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From Morgan Stanley Executive to CEO of a Tech Startup: Managing Transition

Prevailing wisdom holds that banks are officious and sluggish, while tech startups are quick and nimble. The two business models–and those who work within them–have little in common. Prevailing wisdom is wrong: in reality, the skills necessary to be successful in both spaces often overlap.

Last year, after 15 years at Morgan Stanley, I made the leap to become CEO of Mash, a Luxembourg-based FinTech company. The transition has been exhilarating, and the startup world’s accelerated pace has allowed me to see substantial successes in only twelve months. Want to make a similar move? Here are my three key pieces of advice:

 

Seek out tech opportunities inside your company

Finance and tech are quite different fields. Banks tend to be focused on risk management, regulation and compliance, while tech startups emphasises customer experience. Banks value hard skills and technical knowledge, while tech startups—unless you’re a developer—reward soft skills like communication, speed and flexibility. The key to successfully transitioning from one field to another, is focusing on the places the two overlap.

That overlap is growing every day as banks increasingly look to partner with tech startups. According to CB Insights, 2017 saw more tech startup acquisitions by top US banks than any other year in recent history.

In retrospect, I can see that much of the work I did while at Morgan Stanley was preparing me for my current role. In my last position at Morgan Stanley, I led the effort to commercialise the bank’s internal technology. Such programs are becoming common at big banks as they invest more and more in proprietary tech—according to Gartner, the global banking industry will spend $519 billion on information technology in 2018—and they’re a perfect way to get a taste of the startup world without having to leave the bank.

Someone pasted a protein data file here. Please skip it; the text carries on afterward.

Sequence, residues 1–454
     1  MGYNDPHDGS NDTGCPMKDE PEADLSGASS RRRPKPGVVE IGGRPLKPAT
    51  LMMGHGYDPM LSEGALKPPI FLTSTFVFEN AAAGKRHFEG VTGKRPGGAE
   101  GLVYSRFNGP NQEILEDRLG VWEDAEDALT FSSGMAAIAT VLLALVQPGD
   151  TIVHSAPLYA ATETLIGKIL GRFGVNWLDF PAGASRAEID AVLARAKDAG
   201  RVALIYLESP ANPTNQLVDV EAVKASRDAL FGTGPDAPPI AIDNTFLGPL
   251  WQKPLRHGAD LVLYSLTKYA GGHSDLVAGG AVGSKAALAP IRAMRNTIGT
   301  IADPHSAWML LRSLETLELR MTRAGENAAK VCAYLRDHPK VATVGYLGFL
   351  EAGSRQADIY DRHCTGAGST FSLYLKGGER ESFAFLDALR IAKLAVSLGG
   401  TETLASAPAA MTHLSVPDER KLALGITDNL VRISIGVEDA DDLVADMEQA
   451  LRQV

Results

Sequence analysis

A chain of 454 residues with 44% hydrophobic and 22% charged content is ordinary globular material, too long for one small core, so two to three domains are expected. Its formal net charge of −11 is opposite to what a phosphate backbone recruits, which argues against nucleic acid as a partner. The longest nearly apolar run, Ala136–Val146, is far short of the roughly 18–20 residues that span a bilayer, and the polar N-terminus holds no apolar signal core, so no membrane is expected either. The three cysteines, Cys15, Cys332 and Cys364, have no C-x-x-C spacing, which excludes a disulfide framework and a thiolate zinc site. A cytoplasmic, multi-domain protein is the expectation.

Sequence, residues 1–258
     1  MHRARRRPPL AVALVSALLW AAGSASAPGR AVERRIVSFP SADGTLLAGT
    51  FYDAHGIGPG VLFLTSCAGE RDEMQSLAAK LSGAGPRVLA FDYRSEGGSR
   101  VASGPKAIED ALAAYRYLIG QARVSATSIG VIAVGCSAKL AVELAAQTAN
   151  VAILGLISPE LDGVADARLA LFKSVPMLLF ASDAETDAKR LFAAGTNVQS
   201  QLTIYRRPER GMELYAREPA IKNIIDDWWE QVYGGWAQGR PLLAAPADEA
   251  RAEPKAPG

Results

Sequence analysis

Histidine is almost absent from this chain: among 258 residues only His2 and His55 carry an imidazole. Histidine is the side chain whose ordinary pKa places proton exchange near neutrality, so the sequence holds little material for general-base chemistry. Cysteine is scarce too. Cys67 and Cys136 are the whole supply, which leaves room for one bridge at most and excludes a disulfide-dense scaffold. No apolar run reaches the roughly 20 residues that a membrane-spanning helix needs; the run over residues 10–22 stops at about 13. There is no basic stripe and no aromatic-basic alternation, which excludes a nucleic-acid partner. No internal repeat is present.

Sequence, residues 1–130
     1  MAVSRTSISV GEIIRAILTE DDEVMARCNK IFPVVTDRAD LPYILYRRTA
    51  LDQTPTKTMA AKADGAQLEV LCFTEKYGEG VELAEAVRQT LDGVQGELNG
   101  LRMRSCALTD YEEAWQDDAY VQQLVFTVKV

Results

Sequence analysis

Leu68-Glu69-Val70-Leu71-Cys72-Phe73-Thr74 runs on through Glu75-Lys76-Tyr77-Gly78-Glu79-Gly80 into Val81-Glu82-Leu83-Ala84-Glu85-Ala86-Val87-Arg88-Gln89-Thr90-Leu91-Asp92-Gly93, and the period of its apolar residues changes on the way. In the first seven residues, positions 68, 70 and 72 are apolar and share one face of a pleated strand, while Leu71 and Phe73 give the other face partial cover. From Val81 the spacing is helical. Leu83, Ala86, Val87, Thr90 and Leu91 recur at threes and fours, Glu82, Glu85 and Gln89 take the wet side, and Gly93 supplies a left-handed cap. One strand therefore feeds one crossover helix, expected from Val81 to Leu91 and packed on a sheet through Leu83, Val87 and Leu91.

Build skills and connections

The process of transitioning to a new career involves a lot of networking. When I was still at Morgan Stanley, I became a mentor with the FinTech Innovation Lab in NYC, where I worked with tech startups looking to partner with incumbents in the financial industry. That investment of my time not only taught me a great deal, but demonstrated my enthusiasm for the tech startup space, which is precisely what hiring managers look for.

Stay up-to-date on topics that are important to tech startups. I’d have trouble taking a job candidate seriously who didn’t have at least some knowledge of blockchain and crypto, or who can’t see the connection between the advent of voice-based products like Alexa and Google Voice, biometric identity management (including facial recognition), and the future of consumer-facing tech, for example.

 

Remember what you already have

The barrier to entry to tech startups is much lower than it was 15 years ago. That’s especially true if you’re looking to transition into FinTech, banking’s closest cousin in the tech industry. Forty billion dollars in investment has flowed into the sector in the last four years, according to PwC, meaning that many FinTech startups are thriving—and hiring.

Many FinTech startups want to partner with big banks but aren’t sure how to navigate those institutions’ complex internal politics and bureaucracy. A former banker’s inside knowledge and market experience can be instrumental in making lucrative deals and ensuring that vendor relationship or partnership runs smoothly.

Likewise, knowledge about a particular market or sector of the financial industry can translate well to a particular corner of FinTech (e.g. an M&A banker may find a role as head of strategy, and a technologist could easily make a move to develop next-generation platforms).

Soft skills are also highly transferable to startups, so expound on your experience managing teams and projects, dealing with clients, and communicating insights. Job requirements are less rigid in the startup world, so showing flexibility and eagerness to learn will go a long way.

Managing a career change from a bank to a tech startup can seem overwhelming, but it doesn’t have to be. Like any job search, it simply involves laying the right groundwork, showing enthusiasm—and finally, holding your breath and making the leap.

James Hickson is Group CEO of Mash, one of the fastest growing FinTech companies in Europe.

He previously led FinTech at Morgan Stanley.

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